Systematic re-evaluation of adsorptives for surface and pore analysis…

…was the topic of our presentation at the annual meeting of the Adsorption Group in Berchtesgaden at the end of February 2020, which was unfortunately the last of 3P presentations at a conference for the time being, as six further 3P presentations at other conferences were cancelled in this six-month period alone. Among others, topics of our 3P talks would have been:

  • „Comprehensive powder characterization: influence of microscopic, particulate properties on the macroscopic behavior of bulk solids“
  • Characterization of sorption kinetics of CO2 from N2-rich gas mixtures studied by breakthrough experiments on Zeolites
  • Systematic reassessment of adsorptives for surface area and pore analysis

At this point, we would like to share our experience with you in the field of surface and pore analysis, but also for comprehensive particle analysis with particle size distributions, particle shape analysis, the examination of powder heaps by the determination of bulk and tapped densities as well as repose angles and other parameters.

In this news, we are starting with results from the lecture of C. Reichenbach and D. Klank from February 2020. On the basis of the BET evaluation method for surface determination, the “standard nitrogen method at 77 K” used for many years was questioned with our own measurement series. Both the ISO standard 9277 for the determination of specific surfaces and the IUPAC recommendation on gas adsorption of 2015 critically evaluate the use of N2 due to its non-ideal properties of the nitrogen molecule (molecular shape and quadrupole moment). Since good measurement alternatives are now available, many N2-BET results in scientific publications are now questionable. This is illustrated in Figure 1 and Table 1 by examining a mesoporous standard material (BAM P105).

Isotherms different adsorptives cryoTune

Figure 1: Sorption isotherms of a mesoporous standard material (BAM P105) at the boiling temperatures of the adsorptive

Table 1: Calculated BET surfaces and pore volumes for a mesoporous standard material (BAM P105)

Adsorptive and measuring temperature

ABET / m² g-1

VP / cm³ g-1

Nitrogen 77 K



Argon 87 K



Krypton 120 K



Xenon 165 K



Methane 112 K



Table 1 shows well-matched pore volumes, while the BET surface area determined with N2 at 77 K is more than 30% higher than the other BET surfaces. The assumption of the liquid densities for the adsorbate phase present in the pores leads to conclusive values for the pore volumes. On the other hand, the clear differences in the N2– compared to the other BET surfaces can be attributed to specific interactions in the formation of the monolayer (first layer on the solid surface). But who can explain that although all non-polar “small” adsorptives with spherical shape (Ar, Kr, CH4) result in a BET surface area of approx. 150 m2/g, the ellipsoid N2 molecule with quadrupole moment of all molecules is supposed to lead to the “allegedly correct specific surface values”?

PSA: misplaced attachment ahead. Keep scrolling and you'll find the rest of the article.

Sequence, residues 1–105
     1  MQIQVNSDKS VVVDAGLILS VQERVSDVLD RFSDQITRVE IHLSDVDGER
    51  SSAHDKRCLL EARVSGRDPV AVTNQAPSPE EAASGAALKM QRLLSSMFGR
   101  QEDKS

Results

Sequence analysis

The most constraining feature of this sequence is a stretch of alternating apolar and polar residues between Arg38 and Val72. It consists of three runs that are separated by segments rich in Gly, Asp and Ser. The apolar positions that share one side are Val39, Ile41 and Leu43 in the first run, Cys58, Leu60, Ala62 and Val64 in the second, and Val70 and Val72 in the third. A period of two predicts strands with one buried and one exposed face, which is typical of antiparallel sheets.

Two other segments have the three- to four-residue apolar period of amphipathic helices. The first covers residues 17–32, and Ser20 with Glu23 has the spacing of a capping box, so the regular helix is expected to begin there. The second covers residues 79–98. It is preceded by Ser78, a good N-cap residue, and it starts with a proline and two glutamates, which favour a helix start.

A “smart guy” recently replied to a similar question with a business-economic joke like this: “…we will not switch to another adsorptive which leads to smaller BET surfaces for our industrial product!” But he is not supposed to do so, because the N2 77 K method is good enough for a comparison of results from different laboratories, i.e.: quality control of starting materials, intermediate and end products is still possible. But unlike comparative measurements in quality control, in science it is all about “accuracy”. In many a scientific field one would shake one’s head at 30% avoidable error…

Conclusion: Argon is the adsorptive for the comprehensive texture analysis of porous and finely dispersed solids par excellence:

  • Micropore analysis
  • Specific surface
  • Pore width distribution
  • Total pore volume
  • Measurements at 87 K now also possible without liquid argon (e.g. with the cryoTune option for common gas sorption instruments, see also Figure 2b)

And soon you will read here at 3P Instruments how such argon isotherms from Figure 2a can be used to obtain even more information about the surface and pore properties of materials.

Argon Isotherms kinetic studies with cryoTune

Figure 2a: Argon isotherms in the temperature range 85 – 120 K for the investigation of the surface and pore properties of a spherical activated carbon

Handling of the cryoTune

Figure 2b:The tempering of the argon measurements was done with the 3P option cryoTune 87

In the meantime, 3P Instruments has installed cryoTunes in adsorption devices of different manufacturers. On request, we would be pleased to check if this is also possible for your sorption device with the corresponding software version. Please feel free to contact us at or call us: + 49 8134 9324 0

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